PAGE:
December 10, 2018 at 05:30AM
The first time I saw 500 Days of Summer, it left me feeling irritated, even angry. Okay, fine: The movie straight-up made my blood boil. At the time, I couldn’t place my admittedly judgy finger on what exactly it was about the film made my skin crawl. But now, after several years of rom-com exposure therapy, I’ve figured it out: Joseph Gordon-Levitt’s character is a softboy.
While fuccbois, tiny hat boys, and the like are (relatively) easy to identify, the softboy’s power comes from his ability to blend in and seem completely normal—or even progressive and woke. The softboy’s defining feature is being a wolf in sheep’s clothes, rife with paradoxes for his unsuspecting dates to sort.
Generally speaking, he seems to understand the plight of women and be an ally against misogyny. But (but!), if you pay attention closely, you’ll hear him slip up. He’ll call someone a slut, he’ll degrade Kim Kardashian for her sex tape, he’ll refer to all of his exes as being “crazy.”
Take JGL’s character in the aforementioned movie: Tom seems like he’s in touch with his feelings (he listens to The Smiths!) and likes to do introverted, moody stuff, like spend time at record stores. On paper, he seems like the antithesis of a bro. But he also blatantly ignores everything Zooey Deschanel’s Summer says to him, which results in what I contend is his character gaslighting both of ’em. When they “break up,” he hands in a greeting card to his boss (his job in the film) that calls Summer a whore—something a dude who “gets it” would not do.
A softboy is the type of person you date when you think you’ve filtered out all the men who are obviously machismo or otherwise problematic. But turns out, you thought wrong.
While softboys aren’t a new thing, they’re getting tougher than ever to screen against in today’s world. When you think you’ve filtered out all the men who are obviously full of machismo or are otherwise problematic, surprise: You’re sharing a bottle of natural wine with a softboy. He’s emotionally vulnerable and interested in art and culture. He’ll hang out with you several times (maybe even at a museum or a foreign-movie screening) without ever explicitly calling it a date. And for months, you’ll see him on a weekly basis before he abruptly disappears and leaves you on the sending end of unanswered text messages. (He’s the type who leads you into the foggy abyss of a non-relationship.)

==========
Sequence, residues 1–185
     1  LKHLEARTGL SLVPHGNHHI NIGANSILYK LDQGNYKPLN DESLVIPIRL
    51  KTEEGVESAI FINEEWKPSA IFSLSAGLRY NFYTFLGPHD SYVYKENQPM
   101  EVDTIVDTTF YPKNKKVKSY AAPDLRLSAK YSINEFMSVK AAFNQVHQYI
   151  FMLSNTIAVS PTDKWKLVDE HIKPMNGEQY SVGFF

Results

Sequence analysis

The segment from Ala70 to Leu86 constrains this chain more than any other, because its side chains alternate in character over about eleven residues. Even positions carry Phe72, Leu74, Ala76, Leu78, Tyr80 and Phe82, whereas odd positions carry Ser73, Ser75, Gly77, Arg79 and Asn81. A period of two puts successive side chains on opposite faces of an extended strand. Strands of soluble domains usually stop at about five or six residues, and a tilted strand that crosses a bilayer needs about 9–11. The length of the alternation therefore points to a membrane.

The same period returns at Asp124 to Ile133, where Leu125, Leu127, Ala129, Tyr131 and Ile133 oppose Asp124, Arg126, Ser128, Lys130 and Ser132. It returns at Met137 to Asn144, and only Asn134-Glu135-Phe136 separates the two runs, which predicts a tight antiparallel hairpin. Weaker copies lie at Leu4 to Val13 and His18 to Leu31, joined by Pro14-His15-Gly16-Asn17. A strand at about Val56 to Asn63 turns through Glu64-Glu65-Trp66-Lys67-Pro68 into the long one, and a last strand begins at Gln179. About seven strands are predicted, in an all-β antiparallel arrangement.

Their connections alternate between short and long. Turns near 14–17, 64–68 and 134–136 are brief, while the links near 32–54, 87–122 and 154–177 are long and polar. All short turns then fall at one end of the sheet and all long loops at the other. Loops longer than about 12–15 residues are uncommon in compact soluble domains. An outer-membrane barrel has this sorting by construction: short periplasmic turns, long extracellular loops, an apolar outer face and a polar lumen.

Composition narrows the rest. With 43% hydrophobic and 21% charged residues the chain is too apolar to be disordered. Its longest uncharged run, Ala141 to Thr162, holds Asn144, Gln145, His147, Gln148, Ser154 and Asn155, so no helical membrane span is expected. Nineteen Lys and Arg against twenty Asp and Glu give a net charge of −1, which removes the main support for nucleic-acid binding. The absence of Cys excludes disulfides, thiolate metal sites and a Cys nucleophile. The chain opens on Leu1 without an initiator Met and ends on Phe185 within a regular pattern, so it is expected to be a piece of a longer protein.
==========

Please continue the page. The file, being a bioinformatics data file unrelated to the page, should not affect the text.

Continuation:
Then he’ll resurface one day to tell you to watch a John Waters special on Netflix, and if you’re bold enough to ask where he went (I am, thanks to my “no chill” 2019 policy), he’ll tell you that he “didn’t mean to” fall off the face of the Earth but things have just been “sooo hectic.” His behavior is not explicitly atrocious, which makes it difficult to call him out without feeling you’ll look needy or insane, which makes the whole thing more manipulative (as all gaslighting tends to be).
They can speak intelligently about intersectional feminism. But do they practice what they preach? No, because they’re soft.
So how did you even end up in this nightmare dating landscape? The times, they are a-changin’—and in this case, they’re partially to blame. Callout culture has made softboys aware of what they can and cannot say and do, and they abide by these rules to an extent, even if they don’t fully believe ’em. Softboys are self-aware, to an extent. They understand the patriarchy and criticisms of it. They can speak intelligently about intersectional feminism. But do they practice what they preach? No, because they’re soft. I once dated a guy who seemed like he understood the plight of women and the urgency of #MeToo, but then he spent 15 minutes unironically waxing poetic about Woody Allen.
The way I see it, there’s no real way to eliminate this evil from the dating pool or even from your life. So when screening dates and even out in the wild (like at dinner or at a bar), trust your gut. If something about a guy seems icky, it probably is.